Director Sabrina Van Tassel does an excellent job of drawing in the audience to the labyrinthian case of Melissa Lucio. There’s not only the mishandling of the case by the defense, but we also find out later that the District Attorney of Cameron County, Armando Villalobos, was sentenced to 13 years in prison for corruption. He was part of the drug cartel, accepting bribes from them and also from defense attorneys. Due to his desire to continue his tenure as DA, he made decisions that would appeal to the citizens of the conservative Catholic constituency. This includes putting an abusive mother to death. Additionally, right before Melissa’s trial, a man who pleaded guilty to murder disappeared, which made the office look really bad. So it could be argued that he so aggressively prosecuted Melissa’s trial to save face.
“…will leave you on the edge of your seat until the final moments and will also leave you practically in tears…”
Van Tassel leaves no stone unturned, talking to Melissa’s defense attorney, Peter Gilman, her appellate lawyer, Margaret Schmucker, a private investigator/mitigation specialist on the case, Lynn Marie Garcy, and several members of Melissa’s family including her mother Esperanza, her sisters Sonya and Diane, her brother Rene, her son Bobby, and her daughters Daniela and Alexandra. The most heart-wrenching moments come from scenes inside the prison talking to Melissa herself.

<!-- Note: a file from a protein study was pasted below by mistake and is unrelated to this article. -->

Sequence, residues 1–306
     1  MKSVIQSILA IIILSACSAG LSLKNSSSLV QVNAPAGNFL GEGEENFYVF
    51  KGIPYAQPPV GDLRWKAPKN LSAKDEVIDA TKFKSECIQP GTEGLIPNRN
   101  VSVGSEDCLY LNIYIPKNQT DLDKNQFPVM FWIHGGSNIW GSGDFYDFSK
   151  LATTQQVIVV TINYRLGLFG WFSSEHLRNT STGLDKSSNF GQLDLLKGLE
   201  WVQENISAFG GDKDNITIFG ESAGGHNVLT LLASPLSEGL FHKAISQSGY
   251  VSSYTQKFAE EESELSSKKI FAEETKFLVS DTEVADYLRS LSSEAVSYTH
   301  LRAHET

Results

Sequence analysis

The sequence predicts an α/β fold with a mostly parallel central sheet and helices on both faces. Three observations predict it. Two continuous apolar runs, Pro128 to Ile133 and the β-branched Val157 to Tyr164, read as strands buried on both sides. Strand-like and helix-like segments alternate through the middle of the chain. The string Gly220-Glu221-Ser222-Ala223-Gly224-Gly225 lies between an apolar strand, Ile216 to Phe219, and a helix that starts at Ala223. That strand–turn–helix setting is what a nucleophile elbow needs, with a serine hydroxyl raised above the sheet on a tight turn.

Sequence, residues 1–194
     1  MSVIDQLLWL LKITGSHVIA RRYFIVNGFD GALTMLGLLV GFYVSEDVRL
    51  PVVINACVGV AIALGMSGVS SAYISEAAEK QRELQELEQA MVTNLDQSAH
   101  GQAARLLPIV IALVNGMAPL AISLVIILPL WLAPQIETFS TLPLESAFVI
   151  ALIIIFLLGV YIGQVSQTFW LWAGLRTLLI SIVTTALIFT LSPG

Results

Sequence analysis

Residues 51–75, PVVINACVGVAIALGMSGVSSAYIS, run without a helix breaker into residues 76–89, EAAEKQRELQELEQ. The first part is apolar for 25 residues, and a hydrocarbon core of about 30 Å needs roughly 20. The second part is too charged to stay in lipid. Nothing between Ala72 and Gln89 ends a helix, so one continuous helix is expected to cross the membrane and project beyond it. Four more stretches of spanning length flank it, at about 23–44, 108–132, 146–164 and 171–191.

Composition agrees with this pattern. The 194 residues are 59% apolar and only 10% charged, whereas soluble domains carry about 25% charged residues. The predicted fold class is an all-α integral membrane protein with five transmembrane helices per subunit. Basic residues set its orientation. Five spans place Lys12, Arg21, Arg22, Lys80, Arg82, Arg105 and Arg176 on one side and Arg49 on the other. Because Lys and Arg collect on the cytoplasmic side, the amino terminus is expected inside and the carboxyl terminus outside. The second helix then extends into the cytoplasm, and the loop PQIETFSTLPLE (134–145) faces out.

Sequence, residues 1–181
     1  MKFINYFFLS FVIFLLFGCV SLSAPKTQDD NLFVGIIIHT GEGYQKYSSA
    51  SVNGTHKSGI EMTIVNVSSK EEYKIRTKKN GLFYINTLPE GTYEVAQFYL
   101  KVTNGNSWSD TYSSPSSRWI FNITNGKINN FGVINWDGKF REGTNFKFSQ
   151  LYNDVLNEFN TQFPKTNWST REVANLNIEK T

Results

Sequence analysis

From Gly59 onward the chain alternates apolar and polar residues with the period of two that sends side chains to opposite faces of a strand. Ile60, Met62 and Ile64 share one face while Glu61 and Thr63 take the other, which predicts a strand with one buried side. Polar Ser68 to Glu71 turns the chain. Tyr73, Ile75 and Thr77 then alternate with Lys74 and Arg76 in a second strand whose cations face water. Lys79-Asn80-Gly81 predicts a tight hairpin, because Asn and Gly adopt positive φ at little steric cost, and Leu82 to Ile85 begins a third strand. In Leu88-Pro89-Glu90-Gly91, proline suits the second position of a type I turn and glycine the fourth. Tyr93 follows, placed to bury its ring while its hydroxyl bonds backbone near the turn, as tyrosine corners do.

If you want to see a documentary that will leave you on the edge of your seat until the final moments and will also leave you practically in tears, I highly recommend The State of Texas Vs. Melissa. It will leave you questioning the case long after the film is over. While we still don’t know if Melissa’s case has been overturned, although it was close, now I’m invested and I’m sincerely hoping that the state of Texas doesn’t win the appeal to have her case overturned. I’m hoping Melissa gets to see her other children again, and after you watch the film, you will too.
The State of Texas Vs. Melissa screened at the 2020 Tribeca Film Festival.
"…most heart-wrenching moments come from scenes inside the prison talking to Melissa herself."